Diabetes – Definition, Causes, and Treatment Options

Diabetes – Definition, Causes, and Treatment Options

Diabetes – Definition, Causes, and Treatment Options


Type 2 diabetes (T2D) is a chronic medical condition characterized by elevated blood sugar levels, which wreaks havoc on the body.

Unlike type 1 diabetes, the pancreatic tissue in T2D is intact with regular production of insulin. Moreover, there is no autoimmune component, and the risk factors are somewhat different.

T2D is commonly seen in obese individuals above the age of 40, with multiple risk factors of diabetes.

The primary dysfunction of T2D is cellular resistance to the action of insulin. In other words, the concentrations of insulin in the bloodstream are physiological, but its action on the cells is compromised.

For decades, researchers believed that this was the only disrupted function in type 2 diabetes. However, recent evidence suggests that patients with T2D eventually develop relative insulin deficiency via the active destruction of the pancreatic tissue.

Note that the degree of destruction is nowhere near that of type 1 diabetes.

The combination of insulin resistance and its relative deficiency make up the hallmarks of diabetes pathophysiology.

What causes type 2 diabetes?

The exact causes that lead to T2D are still unclear due to the complex pathophysiological processes and the high number of variables involved.

Nevertheless, researchers believe that the concept of ‘nature and nurture’ sufficiently explains this disease.

Let’s decipher this concept:

The nature part

If you have a family history of T2D, your risk of developing the disease is relatively higher than the general population.

According to a 2012 study, family history increases the risk of T2D by 2.5-fold. If obesity gets added to the equation, the risk increase can reach 20-fold.

The nurture part

The nurture part is extremely important in type 2 diabetes, as it involves numerous risk factors that predispose people to the disease.

The most prevalent risk factors are:

  • Obesity
  • Sedentary lifestyle
  • Dyslipidemia
  • Smoking
  • Polycystic ovarian syndrome (PCOS)

By far, obesity is the most important risk factor, especially around the abdominal and waist region.

Researchers believe that eating carb-rich meals for a long time creates a vicious cycle of glucose and insulin spikes, which decrease the sensitivity of cells to insulin action.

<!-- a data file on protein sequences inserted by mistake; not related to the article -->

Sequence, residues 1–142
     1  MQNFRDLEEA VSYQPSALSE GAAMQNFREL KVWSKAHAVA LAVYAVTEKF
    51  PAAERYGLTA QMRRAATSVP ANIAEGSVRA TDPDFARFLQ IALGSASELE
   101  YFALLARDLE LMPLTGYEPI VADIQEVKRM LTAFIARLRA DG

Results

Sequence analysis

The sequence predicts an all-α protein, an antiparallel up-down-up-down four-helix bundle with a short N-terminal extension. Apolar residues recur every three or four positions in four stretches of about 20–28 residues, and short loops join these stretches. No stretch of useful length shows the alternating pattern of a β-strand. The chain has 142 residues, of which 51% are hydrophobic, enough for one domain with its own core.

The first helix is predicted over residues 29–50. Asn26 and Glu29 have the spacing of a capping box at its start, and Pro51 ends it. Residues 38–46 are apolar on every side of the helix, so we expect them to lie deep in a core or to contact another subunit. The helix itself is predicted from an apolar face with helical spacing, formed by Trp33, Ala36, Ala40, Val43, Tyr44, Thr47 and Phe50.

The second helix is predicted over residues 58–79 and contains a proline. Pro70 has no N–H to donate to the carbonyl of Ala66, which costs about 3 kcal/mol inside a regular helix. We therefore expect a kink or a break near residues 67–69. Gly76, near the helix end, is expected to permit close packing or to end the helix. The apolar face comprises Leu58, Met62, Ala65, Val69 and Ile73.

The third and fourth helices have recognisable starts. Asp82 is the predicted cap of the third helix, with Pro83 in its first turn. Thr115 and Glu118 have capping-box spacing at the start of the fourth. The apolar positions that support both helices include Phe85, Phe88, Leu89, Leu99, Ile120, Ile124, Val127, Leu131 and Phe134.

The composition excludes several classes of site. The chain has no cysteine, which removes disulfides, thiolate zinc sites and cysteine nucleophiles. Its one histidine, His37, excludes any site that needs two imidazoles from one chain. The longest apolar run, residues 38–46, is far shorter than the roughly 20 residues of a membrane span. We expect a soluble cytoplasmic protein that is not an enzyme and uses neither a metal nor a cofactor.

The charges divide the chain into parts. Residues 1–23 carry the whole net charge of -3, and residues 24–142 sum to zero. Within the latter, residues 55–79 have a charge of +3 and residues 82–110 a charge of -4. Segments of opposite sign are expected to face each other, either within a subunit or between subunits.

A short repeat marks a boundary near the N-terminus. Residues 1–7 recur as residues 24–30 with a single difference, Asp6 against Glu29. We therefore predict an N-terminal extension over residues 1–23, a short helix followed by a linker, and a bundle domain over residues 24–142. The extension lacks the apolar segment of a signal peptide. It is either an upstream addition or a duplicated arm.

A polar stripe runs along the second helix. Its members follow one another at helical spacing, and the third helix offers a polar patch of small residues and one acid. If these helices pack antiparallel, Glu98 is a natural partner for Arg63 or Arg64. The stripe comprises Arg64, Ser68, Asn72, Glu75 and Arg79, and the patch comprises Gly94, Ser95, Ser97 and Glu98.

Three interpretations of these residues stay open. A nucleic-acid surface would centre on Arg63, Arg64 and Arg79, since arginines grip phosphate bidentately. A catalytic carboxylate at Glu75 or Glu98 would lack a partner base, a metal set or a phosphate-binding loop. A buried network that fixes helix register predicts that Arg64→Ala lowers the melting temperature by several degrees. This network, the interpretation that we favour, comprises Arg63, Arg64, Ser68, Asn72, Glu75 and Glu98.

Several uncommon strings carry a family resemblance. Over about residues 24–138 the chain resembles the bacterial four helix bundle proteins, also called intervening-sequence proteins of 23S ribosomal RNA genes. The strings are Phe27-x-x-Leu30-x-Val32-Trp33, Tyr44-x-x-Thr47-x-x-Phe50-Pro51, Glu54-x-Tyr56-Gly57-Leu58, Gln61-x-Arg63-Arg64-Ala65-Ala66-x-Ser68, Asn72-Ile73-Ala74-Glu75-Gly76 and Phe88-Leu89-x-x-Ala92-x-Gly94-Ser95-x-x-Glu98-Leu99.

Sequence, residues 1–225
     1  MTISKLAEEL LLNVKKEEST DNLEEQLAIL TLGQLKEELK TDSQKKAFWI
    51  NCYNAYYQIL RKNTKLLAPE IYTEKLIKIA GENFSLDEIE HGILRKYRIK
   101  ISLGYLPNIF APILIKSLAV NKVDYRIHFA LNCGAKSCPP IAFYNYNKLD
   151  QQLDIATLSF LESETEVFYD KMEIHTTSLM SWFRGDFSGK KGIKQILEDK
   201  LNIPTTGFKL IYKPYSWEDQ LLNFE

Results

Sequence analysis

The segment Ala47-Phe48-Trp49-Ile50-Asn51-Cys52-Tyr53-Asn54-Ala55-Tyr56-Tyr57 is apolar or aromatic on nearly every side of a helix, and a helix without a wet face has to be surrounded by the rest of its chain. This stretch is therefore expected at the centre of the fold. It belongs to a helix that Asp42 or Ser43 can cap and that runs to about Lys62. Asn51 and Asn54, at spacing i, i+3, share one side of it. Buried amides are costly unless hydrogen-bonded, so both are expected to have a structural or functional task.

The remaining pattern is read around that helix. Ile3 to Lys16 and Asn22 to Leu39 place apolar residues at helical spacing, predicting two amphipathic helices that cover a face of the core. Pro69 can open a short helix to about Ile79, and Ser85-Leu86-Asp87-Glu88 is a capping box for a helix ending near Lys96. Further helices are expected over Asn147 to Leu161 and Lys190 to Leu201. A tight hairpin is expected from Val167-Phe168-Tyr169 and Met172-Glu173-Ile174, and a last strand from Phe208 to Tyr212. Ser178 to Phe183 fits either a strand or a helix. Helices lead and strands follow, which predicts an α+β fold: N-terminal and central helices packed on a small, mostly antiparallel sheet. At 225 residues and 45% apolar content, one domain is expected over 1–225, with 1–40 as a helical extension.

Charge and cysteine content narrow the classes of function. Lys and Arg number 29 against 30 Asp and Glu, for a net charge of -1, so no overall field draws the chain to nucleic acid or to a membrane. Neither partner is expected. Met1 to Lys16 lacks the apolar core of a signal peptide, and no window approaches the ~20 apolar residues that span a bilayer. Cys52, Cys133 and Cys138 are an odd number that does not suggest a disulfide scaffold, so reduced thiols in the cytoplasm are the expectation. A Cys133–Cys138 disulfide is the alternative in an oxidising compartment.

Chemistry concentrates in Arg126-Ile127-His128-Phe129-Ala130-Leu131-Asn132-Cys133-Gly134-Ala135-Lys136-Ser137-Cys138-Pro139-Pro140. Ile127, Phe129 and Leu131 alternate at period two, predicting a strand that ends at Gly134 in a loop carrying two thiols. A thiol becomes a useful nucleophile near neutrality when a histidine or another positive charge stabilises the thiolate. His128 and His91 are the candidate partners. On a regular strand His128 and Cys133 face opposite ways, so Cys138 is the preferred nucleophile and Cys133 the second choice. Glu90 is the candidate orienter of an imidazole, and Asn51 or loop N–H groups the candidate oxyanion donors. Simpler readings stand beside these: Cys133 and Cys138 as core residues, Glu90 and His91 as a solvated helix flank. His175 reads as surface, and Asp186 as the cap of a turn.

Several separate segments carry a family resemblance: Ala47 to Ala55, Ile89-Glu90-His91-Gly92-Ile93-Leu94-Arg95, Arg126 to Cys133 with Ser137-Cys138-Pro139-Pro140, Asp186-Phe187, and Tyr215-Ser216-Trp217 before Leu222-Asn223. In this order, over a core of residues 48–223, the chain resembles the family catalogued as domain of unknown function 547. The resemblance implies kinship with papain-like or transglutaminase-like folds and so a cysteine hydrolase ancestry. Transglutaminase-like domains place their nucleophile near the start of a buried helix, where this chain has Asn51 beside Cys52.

The higher the glycemic index, the more extreme the spikes will be. For instance, soda and synthetic juices mainly contain simple sugars, which rapidly augment blood glucose levels and lead to the subsequent insulin spike.

To summarize, consuming foods with a high glycemic index will stimulate your pancreas multiple times a day, triggering a spiking pattern of insulin secretion and increasing your risk of T2D.

Early Signs and symptoms of type 2 diabetes

The signs and symptoms of T2D are similar to type 1 diabetes. However, the clinical presentation of T2D generally presents at a later age (over 40 years old), whereas type 1 diabetes patients experience these symptoms during adolescence.

Here are the most common signs and symptoms of T2D:

  • Generalized fatigue
  • Polyphagia (i.e., feeling hungry all the time)
  • Polydipsia (i.e., excessive thirst)
  • Polyuria (i.e., more than 3 liters of urine in 24 hours)
  • Dry mouth
  • Itchy skin
  • Acanthosis nigricans (dark discoloration in body folds and creases)

The treatment options for type 2 diabetes

The treatment of T2D focuses on addressing lifestyle habits and supplying patients with pharmacological drugs.

Dietary measures and exercise

After being diagnosed with type 2 diabetes, your doctor will perform a comprehensive physical examination to identify any diabetes-associated complications.

If everything looks clear, the first line of therapy would be making lifestyle modifications (e.g., healthy dietary choices, regular exercise).

While this might seem insignificant, around 25% of patients diagnosed with T2D get cured after sticking to a healthy diet and increasing their physical activity routine.


This drug is the preferred pharmacological treatment for patients with T2D.

It decreases the production of new glucose molecules and increases the storage of glycogen inside the liver and muscle tissue. Moreover, metformin promotes weight loss, which helps control blood sugar levels.


If oral hypoglycemic drugs fail to regulate your blood sugar, the doctor may recommend insulin therapy to restore the balance and prevent complications.

Takeaway message

Type 2 diabetes is a complex disease that presents with numerous therapeutic challenges, which require the cooperation of patients with their doctors to improve the prognosis.

Hopefully, this article managed to shed some light on T2D,